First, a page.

Euripides, Rhesus (ed. E. P. Coleridge), line 422 (search)
Rhesus I too am just the same; straight to the point I cut my way; no shuffling nature is mine. My heart was wrung with sorer anguish than yours at my absence from this land; I fumed and chafed, but Scythian people, whose borders march with mine, made war on me on the very eve of my departure for Ilium; I had reached the strand of the Euxine sea, there to transport my Thracian army. Then my spear poured out over Scythia's land great drops of bloody rain, and Thrace too shared in the mingled slaughter. This then was what chanced to keep me from coming to the land of Troy and joining your standard. But as soon as I had conquered these and taken their children as hostages and appointed the yearly tribute they should pay my house, I have come, sailing across the sea's mouth, and on foot traversing the other borders of your land—not as you in your jeers at those carousals of my countrymen hint, nor sleeping soft in gilded palaces, but amid the frozen hurricanes that vex the Thracian s
Euripides, Rhesus (ed. E. P. Coleridge), line 733 (search)
Charioteer oh, oh! woe to me and to you, O king of Thrace, how cursed the sight of Troy to you! what an end to your life!
Euripides, Rhesus (ed. E. P. Coleridge), line 780 (search)
find my sword, a stalwart hand from somewhere near struck me with a sword beneath the ribs. I felt the sword-thrust, the deep gaping wound it gave me. Down on my face I fell, while they fled clean away with horses and chariot. Oh, oh! Tortured with pain, too weak to stand, a piteous object! I know what happened, for I saw it; but how the victims met their death I cannot say, nor at whose hand. But I can well surmise we have our friends to thank for this grief. Chorus Leader Charioteer of Thrace's hapless king, do not suspect us. Enemies did this. But Hector himself is here, having learned your mischance; he sympathizes as he should with your hard fate. Hector You who have caused this great calamity, how did the enemy's spies come without your knowledge, to your shame, and spread destruction through the army, and you did not drive them away either as they entered or left the camp? Who but you shall pay the penalty for this? You, I say, were here to guard the army. But they are go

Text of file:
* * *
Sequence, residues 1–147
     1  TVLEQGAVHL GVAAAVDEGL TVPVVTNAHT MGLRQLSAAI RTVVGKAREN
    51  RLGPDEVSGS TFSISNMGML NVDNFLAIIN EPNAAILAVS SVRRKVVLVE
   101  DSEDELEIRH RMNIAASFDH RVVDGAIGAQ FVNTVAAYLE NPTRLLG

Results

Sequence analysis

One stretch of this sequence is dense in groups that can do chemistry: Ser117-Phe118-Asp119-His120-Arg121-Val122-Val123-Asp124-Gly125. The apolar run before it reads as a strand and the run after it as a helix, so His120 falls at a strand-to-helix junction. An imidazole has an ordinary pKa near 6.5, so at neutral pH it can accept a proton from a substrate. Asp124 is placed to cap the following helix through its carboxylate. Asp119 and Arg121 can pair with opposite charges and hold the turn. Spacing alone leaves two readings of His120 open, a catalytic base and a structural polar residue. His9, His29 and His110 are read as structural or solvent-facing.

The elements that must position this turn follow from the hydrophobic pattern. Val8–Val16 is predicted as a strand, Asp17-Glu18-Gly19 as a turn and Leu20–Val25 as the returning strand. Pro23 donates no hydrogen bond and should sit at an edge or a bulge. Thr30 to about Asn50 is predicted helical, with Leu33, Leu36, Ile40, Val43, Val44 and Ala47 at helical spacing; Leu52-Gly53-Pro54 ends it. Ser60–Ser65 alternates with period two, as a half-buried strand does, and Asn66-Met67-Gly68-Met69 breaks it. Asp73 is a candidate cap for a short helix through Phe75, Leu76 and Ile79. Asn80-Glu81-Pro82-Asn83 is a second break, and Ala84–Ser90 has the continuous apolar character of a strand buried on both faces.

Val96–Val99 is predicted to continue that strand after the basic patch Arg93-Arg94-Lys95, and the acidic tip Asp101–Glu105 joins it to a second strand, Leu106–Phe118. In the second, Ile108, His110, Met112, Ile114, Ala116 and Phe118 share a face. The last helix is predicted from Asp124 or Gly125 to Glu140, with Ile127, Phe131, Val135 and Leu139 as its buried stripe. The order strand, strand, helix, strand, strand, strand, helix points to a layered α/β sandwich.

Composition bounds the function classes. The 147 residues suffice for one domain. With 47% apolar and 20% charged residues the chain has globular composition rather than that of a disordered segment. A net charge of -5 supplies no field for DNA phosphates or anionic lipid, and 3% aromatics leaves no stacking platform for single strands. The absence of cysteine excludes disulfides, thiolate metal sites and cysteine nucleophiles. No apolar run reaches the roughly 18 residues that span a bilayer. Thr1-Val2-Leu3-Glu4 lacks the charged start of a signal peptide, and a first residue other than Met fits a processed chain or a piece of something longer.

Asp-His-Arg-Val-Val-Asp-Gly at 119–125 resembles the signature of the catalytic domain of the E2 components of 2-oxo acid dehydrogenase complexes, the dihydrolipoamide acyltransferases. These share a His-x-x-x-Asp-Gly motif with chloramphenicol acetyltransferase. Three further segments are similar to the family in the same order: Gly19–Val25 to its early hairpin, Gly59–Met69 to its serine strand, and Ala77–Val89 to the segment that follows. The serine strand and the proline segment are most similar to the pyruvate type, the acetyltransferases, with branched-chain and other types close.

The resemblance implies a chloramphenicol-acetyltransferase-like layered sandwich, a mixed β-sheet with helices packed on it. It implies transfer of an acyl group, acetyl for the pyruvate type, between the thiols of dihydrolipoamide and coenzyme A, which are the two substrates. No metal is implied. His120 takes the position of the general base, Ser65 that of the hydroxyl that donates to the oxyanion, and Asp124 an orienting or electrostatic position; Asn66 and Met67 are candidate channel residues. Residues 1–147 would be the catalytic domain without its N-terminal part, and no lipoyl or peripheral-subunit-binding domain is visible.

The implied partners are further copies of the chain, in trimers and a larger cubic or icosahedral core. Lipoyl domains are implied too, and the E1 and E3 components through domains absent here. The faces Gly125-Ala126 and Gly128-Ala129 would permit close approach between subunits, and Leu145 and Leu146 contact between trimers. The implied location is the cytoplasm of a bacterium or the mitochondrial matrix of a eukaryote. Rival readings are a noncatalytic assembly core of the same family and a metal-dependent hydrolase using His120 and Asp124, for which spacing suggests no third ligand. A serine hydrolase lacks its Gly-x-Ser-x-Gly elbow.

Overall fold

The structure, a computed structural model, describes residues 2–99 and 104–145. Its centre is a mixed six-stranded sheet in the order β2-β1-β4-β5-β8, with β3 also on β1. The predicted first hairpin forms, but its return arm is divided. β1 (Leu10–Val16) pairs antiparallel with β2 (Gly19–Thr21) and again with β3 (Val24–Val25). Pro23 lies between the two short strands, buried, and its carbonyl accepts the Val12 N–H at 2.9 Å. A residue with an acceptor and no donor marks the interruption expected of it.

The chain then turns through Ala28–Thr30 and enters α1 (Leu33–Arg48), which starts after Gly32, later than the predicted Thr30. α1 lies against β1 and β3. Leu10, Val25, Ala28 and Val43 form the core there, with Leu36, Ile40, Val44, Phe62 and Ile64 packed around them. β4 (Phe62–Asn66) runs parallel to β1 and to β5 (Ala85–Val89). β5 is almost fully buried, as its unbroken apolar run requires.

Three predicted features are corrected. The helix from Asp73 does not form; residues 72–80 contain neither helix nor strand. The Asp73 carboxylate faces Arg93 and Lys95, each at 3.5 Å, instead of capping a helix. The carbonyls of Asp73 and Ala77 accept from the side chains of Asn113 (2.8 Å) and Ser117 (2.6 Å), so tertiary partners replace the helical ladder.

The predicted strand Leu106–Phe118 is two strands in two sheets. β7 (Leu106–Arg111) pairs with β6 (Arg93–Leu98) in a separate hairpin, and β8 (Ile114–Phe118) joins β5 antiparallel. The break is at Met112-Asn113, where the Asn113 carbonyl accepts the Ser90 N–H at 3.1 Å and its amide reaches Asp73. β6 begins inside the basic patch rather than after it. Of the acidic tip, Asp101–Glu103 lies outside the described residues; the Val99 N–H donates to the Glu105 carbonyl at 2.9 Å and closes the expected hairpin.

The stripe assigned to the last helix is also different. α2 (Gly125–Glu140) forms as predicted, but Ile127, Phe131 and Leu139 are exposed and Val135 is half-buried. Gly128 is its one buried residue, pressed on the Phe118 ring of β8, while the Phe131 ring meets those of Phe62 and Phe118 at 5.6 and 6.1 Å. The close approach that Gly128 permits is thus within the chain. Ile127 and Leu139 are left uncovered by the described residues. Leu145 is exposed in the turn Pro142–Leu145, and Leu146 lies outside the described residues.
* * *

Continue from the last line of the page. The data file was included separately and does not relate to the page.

Euripides, Rhesus (ed. E. P. Coleridge), line 915 (search)
il of gold, furnished forth with all our music for one great trial of minstrel skill with that clever Thracian bard; and we blinded him, Thamyris, the man who often reviled our craft. And then, when I gave birth to you, because I felt shame of my sisters and my virginity, I sent you to the swirling stream of your father, the river; and Strymon did not entrust your nurture to mortal hands, but to the fountain nymphs. There you were reared most fairly by the maiden nymphs, and you ruled over Thrace, a leader among men, my child. So long as you ranged your native land in quest of bloody deeds of prowess I did not fear for your death; but I forbade you to set out for Troy, in my knowledge of your doom; but Hector's sages and those countless embassies persuaded you to go and help your friends. This was your doing, Athena; you alone are to blame for his death —neither Odysseus nor the son of Tydeus had anything to do with it—do not think it has escaped my eye. And yet we sister Muses do